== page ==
Brand management is the process in which a business creates value for its brand.
What does this mean? First, it’s essential to understand that “brand” can mean different things to different people.
What one person calls their brand another might call their reputation. What you think of when you hear the word “branding” may be very different from what an advertising agency considers branding.
What’s important to remember is that many people use the terms “brand” and “branding” as if they were interchangeable, but they’re not.
So, what is branding?
Branding is the process of building a promise around a product, service or company.
What does this mean? This means that branding is all about communicating what your business will do for its customer.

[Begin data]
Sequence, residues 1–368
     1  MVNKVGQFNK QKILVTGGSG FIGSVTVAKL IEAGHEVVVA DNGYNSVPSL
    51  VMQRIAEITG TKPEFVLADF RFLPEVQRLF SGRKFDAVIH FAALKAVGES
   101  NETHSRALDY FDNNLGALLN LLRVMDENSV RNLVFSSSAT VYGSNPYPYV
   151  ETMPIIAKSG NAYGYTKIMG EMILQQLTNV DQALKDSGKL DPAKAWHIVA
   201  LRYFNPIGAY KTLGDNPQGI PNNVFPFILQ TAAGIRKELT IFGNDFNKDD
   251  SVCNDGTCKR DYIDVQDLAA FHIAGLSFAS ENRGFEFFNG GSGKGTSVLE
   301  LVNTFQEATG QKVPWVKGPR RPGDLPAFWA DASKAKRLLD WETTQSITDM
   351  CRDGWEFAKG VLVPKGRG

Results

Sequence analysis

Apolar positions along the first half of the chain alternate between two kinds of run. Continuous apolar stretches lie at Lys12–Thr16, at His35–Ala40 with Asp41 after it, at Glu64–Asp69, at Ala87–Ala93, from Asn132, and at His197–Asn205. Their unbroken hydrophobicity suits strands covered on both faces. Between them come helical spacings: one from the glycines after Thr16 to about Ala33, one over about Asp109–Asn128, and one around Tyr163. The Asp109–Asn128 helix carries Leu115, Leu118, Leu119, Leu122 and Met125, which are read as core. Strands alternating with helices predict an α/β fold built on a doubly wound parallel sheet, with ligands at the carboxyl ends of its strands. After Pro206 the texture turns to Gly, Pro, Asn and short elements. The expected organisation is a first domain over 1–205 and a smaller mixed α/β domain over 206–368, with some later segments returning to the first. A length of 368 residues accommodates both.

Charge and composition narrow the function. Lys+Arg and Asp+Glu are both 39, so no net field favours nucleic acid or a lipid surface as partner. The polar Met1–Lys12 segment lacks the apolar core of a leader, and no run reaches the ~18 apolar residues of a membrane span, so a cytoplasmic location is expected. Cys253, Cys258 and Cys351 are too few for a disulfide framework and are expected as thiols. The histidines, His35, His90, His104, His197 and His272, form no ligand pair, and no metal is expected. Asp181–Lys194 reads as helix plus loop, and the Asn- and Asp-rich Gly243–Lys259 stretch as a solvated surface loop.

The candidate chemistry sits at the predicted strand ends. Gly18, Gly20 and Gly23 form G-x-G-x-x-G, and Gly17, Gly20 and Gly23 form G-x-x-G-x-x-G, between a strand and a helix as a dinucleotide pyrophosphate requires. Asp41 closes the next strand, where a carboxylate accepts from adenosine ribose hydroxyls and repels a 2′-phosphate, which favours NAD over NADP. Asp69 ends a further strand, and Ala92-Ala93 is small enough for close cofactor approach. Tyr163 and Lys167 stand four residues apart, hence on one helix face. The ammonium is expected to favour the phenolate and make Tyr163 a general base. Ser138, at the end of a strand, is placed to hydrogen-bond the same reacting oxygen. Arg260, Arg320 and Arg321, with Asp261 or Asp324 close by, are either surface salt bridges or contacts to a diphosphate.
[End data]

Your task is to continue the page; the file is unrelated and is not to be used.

What you get when you purchase your product or use your service should be clearly defined by how people perceive your brand.
The key to successful branding lies in understanding what motivates consumers. What are the emotions they experience while using your product or service? What are their unique needs and desires?
What problems are they trying to solve by purchasing your products or using your services?
How can these needs be translated into benefits that communicate exactly why someone should buy from you rather than from another company offering similar products and services?
Understanding what motivates your customers is essential to building a brand that will stand out in their minds.
Building a brand requires consistency. What does this mean? What you communicate through your advertising, marketing, and public relations efforts must be consistent with what you’re saying about yourself on your website, social media marketing, and all of your other communications channels.